Few Hospitals Excel in Racial Inclusivity, Health Equity Work

Only 3 percent of hospitals rank among the best in racial inclusivity, which can be a hallmark of concerted health equity work.

Very few hospitals are doing well in racial inclusivity, but there aren’t many that are vastly underperforming either, with a new analysis from the Lown Institute looking at how some organizations advance health equity by tailoring care for underserved communities.

The report, emailed to journalists and published as part of the Lown Institute Hospitals Index for Social Responsibility, flagged the top hospitals for racial inclusivity, defined as “serving more patients from communities of color as expected.”

Using 2021 Medicare data, the Lown Institute looked at how the proportion of communities of color served in a hospital stacked up against the community in which that hospital operated. Hospitals were considered more racially inclusive when they treated a greater proportion of patients of color than there are within the hospital’s surrounding community.

The Lown Institute suggested that serving more people of color can indicate an organization’s health equity work and efforts to close the treatment access and outcomes gaps that plague the nation.

“It’s refreshing to see that some hospitals make caring for those most in need their top priority,” Vikas Saini, MD, president of the Lown Institute, said in an emailed statement. “Inclusive hospitals show that it’s possible to serve everyone, even when it may be against their financial interest.”

It wasn’t common for hospitals to rank high (get a five-star rating) for racial inclusivity using the Lown Institute’s scale; only 3 percent of organizations got the coveted five-star rating. This suggests there’s still work to be done to ensure equitable access to care within a given community.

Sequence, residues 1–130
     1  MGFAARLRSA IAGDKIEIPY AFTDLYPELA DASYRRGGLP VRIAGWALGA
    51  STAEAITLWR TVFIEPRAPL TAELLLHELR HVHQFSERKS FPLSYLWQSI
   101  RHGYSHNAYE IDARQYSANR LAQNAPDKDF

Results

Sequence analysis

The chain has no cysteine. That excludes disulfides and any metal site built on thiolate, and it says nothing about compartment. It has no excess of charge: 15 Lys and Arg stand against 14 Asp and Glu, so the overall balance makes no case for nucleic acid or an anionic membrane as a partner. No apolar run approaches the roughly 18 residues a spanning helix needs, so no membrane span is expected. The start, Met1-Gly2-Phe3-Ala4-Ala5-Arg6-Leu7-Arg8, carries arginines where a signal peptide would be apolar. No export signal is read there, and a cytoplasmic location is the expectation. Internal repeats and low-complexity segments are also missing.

Still, the data indicated that the US isn’t exactly failing at racial inclusivity either; only 6 percent of hospitals got a one-star rating on the Lown Institute’s scale.

Overall, The Lown Institute identified the ten most racially inclusive hospitals as

  • Boston Medical Center (Boston, MA)
  • John H. Stroger Jr. Hospital (Chicago, IL)
  • UChicago Medicine (Chicago, IL)
  • Penn Presbyterian Medical Center (Philadelphia, PA)
  • Metro Nashville General Hospital (Nashville, TN)
  • South Coast Global Medical Center (Santa Ana, CA)
  • St. Charles Madras (Madras, OR)
  • Grady Memorial Hospital (Atlanta, GA)
  • Methodist Hospitals (Gary, IN)
  • Emory University Hospital Midtown (Atlanta, GA)

This year’s report is notable because it also looks at the racial inclusivity scores of different hospitals serving the same metro area. In many cases, a single metro area could be home to two hospitals with starkly different racial inclusivity scores, which the Lown Institute said reflects hospital segregation.

“Hospitals will say their doors are open to everyone and they don’t turn anyone away, but that can be misleading,” said Saini. “If hospitals really want to undo structural racism’s hold on their communities, they can’t be bystanders. They need to act more systematically and with more intention.”

The Lown Institute identified a total of 11 metro areas with significant hospital market segregation:

  • New Orleans, LA
  • St. Louis, MO
  • Detroit, MI
  • Milwaukee, WI
  • Philadelphia, PA
  • Kansas City, MO
  • Chicago, IL
  • Denver, CO
  • Phoenix, AZ
  • Dallas/Fort Worth, TX
  • Atlanta, GA

The Lown Institute calculated this by looking at the proportion of hospitals within a single market ranking among the most and the least racially inclusive. Every metro area included in the list of most segregated markets had more than 20 percent of its hospitals at the two extremes of inclusivity.

In New Orleans, the city with the greatest hospital market segregation, half of its hospitals ranked among either the most or least racially inclusive.

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